I know it’s a bit late in blogland to be opining on SNL, but since I have unofficially adopted the “media-meets-comedy” beat I will anyway. Also, the blog needs a splash of color today and I have all these pretty pictures. So forget about Judy Miller for a second and enjoy.
I confess to being very excited about SNL — I was psyched to see who their new Weekend Update anchor was (Tina Fey is on maternity leave — congrats Tina and family!), and I was superpsyched to see how they tackled the mother of a news summer we’ve had (never mind that now it’s in HDTV — will that change who hosts it, I wonder?). Despite the missed opportunities, protracted unfunny sketches and beat-the-horse recurring characters that have become all too common, when SNL gets it right, it’s great.
But getting it right must begin with literally getting it right, and I was distracted by what I perceived to be three big, glaring factual errors in Saturday’s SNL. The first was in the opening sketch with Will Forte’s Presidential press conference whereby SNL played catch-up on the news (notable for all manner of media refs: Chris Parnell as Wolf Blitzer; a reporter named “Terry” which has to be Terry Moran; Darrell Hammond as Arianna fave Tim Russert ). This may seem nitpicky, but I don’t think so: Bush’s massive summer vacation was 5 weeks, not 6, and that fact was well-known and oft-cited. Smart comedy must account for smart viewers, plus people like me.
After Steve Carrell’s showstopping opening number, which has tangential media relevance for his Daily Show roots, they launched into a Jet Blue 292 sketch about passengers watching their certain demise on the seatback monitors (media figure: Darrell Hammond as Aaron Brown — identical to Tim Russert. Funny.) Okay so real sticklers know it was MSNBC on the TVs; I’m prepared to let that pass. What I can’t forgive is the fact that SNL riffed on the fact that JetBlue 292 dumped fuel — except JetBlue 292 did NOT dump fuel! In fact, the non-dumpage of the Airbus was a big element of the story! Am I a huge geek or is that a glaring error? Frankly, I think both.
But this was the worst, because it represented both a missed opportunity and a factual inaccuracy: the Anderson Cooper Katrina sketch, which they chose to use as a platform for out-of-place celebrity impersonations (except for the only-time-ever-relevant Horatio Sanz impression of Aaron Neville). It’s like they missed the whole Anderson Cooper-as-emotional-lightning-rod story. I mean, it wasn’t just me; $1 million book deal, people. Although Seth Myers’ physical likeness was striking, the fact that his Anderson was a stonefaced and distant observer was a huge disconnect with what any viewer knew to be true. Where were the tears? The hoarse accusations hurled at impotent politicians? It’s literally like they missed the Katrina coverage. I was mystified.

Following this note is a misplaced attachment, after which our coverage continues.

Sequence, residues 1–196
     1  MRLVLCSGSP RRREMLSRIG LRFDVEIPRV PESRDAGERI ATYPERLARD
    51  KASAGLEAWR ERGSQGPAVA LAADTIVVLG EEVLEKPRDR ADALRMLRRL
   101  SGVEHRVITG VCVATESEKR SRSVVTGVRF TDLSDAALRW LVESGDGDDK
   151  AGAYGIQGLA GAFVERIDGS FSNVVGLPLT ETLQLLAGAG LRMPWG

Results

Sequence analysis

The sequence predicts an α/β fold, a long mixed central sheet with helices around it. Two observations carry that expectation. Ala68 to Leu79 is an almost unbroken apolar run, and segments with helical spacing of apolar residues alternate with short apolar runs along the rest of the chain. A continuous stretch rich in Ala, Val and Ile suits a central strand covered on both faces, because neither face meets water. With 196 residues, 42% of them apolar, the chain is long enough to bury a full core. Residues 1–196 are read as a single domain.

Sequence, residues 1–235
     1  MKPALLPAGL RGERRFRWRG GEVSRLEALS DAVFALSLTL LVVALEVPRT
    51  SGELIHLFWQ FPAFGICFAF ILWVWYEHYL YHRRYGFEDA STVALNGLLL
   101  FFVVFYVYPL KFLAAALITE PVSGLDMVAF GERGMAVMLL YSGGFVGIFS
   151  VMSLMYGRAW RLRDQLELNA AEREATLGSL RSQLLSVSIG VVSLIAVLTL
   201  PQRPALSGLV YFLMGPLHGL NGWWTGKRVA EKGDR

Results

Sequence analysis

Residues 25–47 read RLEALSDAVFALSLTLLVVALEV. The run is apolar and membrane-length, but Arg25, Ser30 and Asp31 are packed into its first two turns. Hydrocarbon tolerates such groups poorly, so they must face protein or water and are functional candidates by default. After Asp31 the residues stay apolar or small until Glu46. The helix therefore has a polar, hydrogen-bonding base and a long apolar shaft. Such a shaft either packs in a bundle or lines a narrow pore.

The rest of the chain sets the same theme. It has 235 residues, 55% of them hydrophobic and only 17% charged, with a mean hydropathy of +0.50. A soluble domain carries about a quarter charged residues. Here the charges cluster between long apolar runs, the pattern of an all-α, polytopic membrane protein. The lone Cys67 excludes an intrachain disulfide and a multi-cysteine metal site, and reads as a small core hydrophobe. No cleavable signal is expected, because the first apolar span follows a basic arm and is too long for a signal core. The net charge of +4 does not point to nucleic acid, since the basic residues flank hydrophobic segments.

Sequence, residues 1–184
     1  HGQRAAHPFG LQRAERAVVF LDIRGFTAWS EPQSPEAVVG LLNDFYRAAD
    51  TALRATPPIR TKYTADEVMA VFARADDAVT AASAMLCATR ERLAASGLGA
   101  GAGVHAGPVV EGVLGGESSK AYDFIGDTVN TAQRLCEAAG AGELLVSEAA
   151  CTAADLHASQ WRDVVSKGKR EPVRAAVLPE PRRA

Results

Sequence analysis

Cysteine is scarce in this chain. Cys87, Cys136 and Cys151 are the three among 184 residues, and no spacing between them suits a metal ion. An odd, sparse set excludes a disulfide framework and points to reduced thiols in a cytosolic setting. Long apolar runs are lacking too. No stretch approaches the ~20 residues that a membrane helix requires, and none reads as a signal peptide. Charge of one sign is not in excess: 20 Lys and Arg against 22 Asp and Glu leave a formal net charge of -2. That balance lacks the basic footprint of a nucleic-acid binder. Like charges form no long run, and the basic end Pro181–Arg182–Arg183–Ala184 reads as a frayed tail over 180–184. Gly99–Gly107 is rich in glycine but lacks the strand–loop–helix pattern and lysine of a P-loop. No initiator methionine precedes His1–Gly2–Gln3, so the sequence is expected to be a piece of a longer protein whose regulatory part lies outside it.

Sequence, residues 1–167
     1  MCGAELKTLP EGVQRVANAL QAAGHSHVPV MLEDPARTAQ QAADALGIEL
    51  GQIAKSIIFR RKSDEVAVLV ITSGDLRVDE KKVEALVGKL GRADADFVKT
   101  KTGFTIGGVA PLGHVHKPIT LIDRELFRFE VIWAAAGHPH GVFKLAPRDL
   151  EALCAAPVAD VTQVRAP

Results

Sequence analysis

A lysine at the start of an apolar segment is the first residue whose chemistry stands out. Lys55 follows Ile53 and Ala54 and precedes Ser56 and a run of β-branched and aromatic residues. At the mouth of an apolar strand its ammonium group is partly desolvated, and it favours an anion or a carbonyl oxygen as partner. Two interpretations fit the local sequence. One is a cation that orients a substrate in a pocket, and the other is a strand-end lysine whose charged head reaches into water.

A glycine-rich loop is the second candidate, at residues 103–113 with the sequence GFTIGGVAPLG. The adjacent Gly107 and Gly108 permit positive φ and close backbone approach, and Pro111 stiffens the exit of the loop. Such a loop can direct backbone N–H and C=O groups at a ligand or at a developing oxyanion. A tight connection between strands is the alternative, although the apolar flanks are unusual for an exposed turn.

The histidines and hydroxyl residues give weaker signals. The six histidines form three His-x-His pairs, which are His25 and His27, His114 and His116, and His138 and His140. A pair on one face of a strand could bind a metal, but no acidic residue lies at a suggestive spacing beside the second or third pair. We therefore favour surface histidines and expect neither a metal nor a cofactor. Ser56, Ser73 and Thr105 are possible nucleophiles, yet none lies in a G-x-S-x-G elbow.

The one high point, however, was when Geraldo Rivera came bursting in (a nudge at that point would have been nice but beggars can’t be choosers) — Darrell Hammond went three for three and his impersonation was spot on, if not enough to save this dismal sketch.
The saddest moment of the night came, however, with Weekend Update: of all the people they could have chosen — Hammond, Parnell, the Michael Vartanesque Myers, even Rachel Dratch, they chose HORATIO SANZ. I actually moaned out loud, “Oh no! Not Horatio!” Despite morphing into a utility player over the years, he is not suited to the position with his one-note, vaguely childlike delivery and utter lack of gravitas, fake or otherwise. Tina, Lorne — WHAT were you thinking.
Okay that’s it for the criticism, now on to what I thought was wonderful and inspired:
That was basically it. Upshot: SNL this season could go either way. But please, get your facts right. Mocking the news is too important.
p.s. This post was totally about media.